DON’T BE THAT KIND OF TRAVELLER
Recently, I stood in line to view Lenin’s tomb in Moscow. Behind me where two guys, either from Australia or New Zealand, who I’m guessing were about 25 or 26. They relentlessly made fun of all the other people in line, mainly Chinese and Russian tourists, who were waiting to pay their respects. I don’t like causing confrontation. In a quietly passive-aggressive manner, I wanted to call my husband and speak in English, so they would know I could understand all the offensive things they were saying. Eventually, when I realised the Russian couple behind me spoke English and could understand them too, I gave the two guys the dirtiest glare I could muster, whilst thumbing through my New Zealand passport. They went bright red. They got the idea. We all know an obnoxious person who has seen and done everything, knows best, and doesn’t give a damn about those around them. Don’t be that kind of traveller.
LEARN THE LOCAL TONGUE (EVEN JUST A LITTLE BIT)
Continuing with my Russian trip, I really struggled with the language. Alongside Japan, it was one of the countries where I had the least comprehension of the language. I still tried my best though. My spasibas were occasionally met with a smile from the Russian women serving me. If you know anything about Russians, cracking a smile out of them is quite an effort. It doesn’t take too long to learn a few words of another language – if nothing else, hello, please and thank you. You don’t have to be a linguist, but it usually is appreciated. I imagine there are a few places where they aren’t happy to hear their native tongue butchered, but I am yet to find one. I know common phrases in about six languages. It is useful. It is up to you whether you want to try to speak a language or not, but I always think its nice to at least give it a go. For safety’s sake, learning to say ‘police’ or ‘help’ is also not a bad idea.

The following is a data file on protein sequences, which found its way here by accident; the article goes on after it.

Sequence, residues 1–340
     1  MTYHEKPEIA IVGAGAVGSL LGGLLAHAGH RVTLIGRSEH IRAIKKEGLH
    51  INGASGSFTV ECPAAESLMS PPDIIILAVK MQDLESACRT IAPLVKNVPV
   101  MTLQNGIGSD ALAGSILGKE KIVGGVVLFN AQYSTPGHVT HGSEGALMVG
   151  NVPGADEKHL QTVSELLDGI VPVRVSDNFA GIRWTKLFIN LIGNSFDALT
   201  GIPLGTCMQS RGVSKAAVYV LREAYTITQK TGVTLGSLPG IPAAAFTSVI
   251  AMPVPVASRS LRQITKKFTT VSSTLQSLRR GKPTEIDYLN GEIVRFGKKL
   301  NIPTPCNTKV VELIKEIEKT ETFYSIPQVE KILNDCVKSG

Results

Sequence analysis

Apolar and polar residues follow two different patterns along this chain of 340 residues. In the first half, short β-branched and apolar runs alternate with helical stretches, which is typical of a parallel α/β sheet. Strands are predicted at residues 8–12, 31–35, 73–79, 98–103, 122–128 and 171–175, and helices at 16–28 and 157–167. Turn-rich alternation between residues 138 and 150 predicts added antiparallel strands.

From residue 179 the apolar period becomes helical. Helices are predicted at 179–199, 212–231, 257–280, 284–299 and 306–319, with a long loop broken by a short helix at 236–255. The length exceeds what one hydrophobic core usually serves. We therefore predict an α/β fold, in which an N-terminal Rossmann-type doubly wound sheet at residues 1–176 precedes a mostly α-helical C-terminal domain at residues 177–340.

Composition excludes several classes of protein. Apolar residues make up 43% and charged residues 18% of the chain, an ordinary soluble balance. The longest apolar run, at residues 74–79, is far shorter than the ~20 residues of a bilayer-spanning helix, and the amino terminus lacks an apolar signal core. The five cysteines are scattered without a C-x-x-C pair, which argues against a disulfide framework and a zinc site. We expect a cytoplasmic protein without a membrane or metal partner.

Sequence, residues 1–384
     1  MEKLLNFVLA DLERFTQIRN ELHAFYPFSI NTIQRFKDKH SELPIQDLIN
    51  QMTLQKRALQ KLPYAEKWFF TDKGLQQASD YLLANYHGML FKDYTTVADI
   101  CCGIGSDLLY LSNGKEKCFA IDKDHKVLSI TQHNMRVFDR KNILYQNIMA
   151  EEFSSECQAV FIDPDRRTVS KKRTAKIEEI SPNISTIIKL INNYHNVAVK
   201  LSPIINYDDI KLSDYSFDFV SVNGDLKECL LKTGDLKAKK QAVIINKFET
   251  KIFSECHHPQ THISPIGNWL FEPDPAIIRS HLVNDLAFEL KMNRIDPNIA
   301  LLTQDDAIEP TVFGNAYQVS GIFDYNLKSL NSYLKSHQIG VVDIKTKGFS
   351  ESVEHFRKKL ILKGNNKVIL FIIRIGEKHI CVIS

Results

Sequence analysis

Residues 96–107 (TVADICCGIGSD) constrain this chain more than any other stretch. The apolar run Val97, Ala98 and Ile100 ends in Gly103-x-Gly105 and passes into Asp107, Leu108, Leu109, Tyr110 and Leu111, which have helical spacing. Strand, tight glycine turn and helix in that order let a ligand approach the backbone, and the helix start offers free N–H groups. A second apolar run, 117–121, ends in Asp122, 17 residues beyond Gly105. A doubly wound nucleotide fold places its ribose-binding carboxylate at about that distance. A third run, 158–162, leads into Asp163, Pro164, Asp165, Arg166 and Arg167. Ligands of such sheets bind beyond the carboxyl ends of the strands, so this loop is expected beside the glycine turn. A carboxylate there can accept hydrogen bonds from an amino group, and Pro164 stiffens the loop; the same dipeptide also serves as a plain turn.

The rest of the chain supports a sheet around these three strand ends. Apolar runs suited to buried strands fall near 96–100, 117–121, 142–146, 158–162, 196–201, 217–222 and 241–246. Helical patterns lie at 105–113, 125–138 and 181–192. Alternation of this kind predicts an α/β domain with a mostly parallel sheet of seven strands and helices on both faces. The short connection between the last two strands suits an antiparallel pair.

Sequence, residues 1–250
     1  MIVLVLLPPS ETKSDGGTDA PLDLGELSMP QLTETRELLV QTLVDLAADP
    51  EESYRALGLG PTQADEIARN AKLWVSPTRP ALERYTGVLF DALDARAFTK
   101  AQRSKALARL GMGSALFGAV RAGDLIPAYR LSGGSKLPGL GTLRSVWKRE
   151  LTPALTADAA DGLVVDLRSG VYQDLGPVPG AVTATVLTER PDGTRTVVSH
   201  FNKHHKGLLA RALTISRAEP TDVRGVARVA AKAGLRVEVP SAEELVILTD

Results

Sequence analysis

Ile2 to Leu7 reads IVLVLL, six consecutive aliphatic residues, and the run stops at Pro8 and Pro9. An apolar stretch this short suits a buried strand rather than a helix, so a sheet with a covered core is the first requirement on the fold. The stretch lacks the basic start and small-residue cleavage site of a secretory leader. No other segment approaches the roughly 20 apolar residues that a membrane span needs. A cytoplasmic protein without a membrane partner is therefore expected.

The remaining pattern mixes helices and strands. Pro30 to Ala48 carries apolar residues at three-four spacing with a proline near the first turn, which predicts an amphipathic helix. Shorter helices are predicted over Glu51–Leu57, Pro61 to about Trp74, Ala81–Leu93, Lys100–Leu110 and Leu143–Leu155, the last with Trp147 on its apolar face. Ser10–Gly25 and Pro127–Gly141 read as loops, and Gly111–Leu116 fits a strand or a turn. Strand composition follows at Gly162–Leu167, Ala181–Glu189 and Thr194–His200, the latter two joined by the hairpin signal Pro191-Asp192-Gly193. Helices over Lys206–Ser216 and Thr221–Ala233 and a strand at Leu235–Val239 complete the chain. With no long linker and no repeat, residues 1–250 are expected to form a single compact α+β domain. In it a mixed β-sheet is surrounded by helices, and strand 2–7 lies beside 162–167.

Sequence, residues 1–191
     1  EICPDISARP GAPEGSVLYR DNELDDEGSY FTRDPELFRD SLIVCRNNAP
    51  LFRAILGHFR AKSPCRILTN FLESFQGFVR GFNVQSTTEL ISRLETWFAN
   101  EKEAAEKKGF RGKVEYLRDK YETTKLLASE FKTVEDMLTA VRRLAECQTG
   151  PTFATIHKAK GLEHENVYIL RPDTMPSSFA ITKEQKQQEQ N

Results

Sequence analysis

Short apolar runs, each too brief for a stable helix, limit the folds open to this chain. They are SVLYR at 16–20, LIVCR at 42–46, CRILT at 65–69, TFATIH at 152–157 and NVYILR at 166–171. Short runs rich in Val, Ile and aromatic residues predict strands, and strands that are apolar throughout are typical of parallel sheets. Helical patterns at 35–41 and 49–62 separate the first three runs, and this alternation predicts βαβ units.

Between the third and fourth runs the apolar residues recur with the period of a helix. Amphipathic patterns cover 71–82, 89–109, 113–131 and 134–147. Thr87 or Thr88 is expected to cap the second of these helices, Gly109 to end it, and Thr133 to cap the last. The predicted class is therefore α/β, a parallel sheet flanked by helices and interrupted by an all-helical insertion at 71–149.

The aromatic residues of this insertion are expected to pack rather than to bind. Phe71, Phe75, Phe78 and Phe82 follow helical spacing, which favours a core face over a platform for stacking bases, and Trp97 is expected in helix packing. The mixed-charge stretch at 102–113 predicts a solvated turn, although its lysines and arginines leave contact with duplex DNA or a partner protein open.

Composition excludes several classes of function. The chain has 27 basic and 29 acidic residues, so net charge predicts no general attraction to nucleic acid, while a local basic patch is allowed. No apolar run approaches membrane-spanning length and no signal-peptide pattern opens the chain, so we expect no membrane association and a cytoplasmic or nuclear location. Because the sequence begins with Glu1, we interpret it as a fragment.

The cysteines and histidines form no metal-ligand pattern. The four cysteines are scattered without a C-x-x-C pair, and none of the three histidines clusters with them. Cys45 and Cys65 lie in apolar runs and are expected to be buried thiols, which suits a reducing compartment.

MANAGE YOUR EXPECTATIONS
You know those picture postcard beaches you see in tourism campaigns, ironically void of tourists? Most of the time, they don’t actually look like that. They cleared off the beach to take the photo. If they were really particular, they might have even raked the place. Even my trip to beautiful Mauritius recently reminded me of this. The beautiful snorkelling described on the hotel website wasn’t quite as nice as depicted. Hotels will sometimes have shabby end tables and old duvets. Famous landmarks and museums will nearly always have a line. Sometimes, you will miss out on getting into certain attractions, or it will be randomly shut on the day you are visiting. There will always be hawkers bothering you outside the Eiffel Tower. You will probably find a street in a beautiful city so littered with rubbish, you will be horrified. Apart from putting a few things in the bin, there isn’t a lot you can do. Be patient and plan ahead. If there is something you really want to do, make sure you see if it can be booked in advance, so you are less likely to miss out. If things turn to custard, keep your chin up, and try to find some new adventure.
SOMETIMES, THINGS HAPPEN